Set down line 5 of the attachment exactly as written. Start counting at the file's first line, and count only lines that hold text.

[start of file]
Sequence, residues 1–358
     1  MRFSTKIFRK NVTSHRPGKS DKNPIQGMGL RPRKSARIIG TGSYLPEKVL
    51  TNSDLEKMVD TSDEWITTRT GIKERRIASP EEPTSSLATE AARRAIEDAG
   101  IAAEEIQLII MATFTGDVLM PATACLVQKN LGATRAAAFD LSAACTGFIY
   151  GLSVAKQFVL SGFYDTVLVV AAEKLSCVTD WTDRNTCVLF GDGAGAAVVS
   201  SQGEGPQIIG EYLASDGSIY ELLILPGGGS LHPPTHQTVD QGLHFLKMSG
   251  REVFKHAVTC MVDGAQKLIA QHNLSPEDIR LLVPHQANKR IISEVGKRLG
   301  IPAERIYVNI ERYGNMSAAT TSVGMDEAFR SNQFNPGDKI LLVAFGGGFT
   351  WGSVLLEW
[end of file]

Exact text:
   151  GLSVAKQFVL SGFYDTVLVV AAEKLSCVTD WTDRNTCVLF GDGAGAAVVS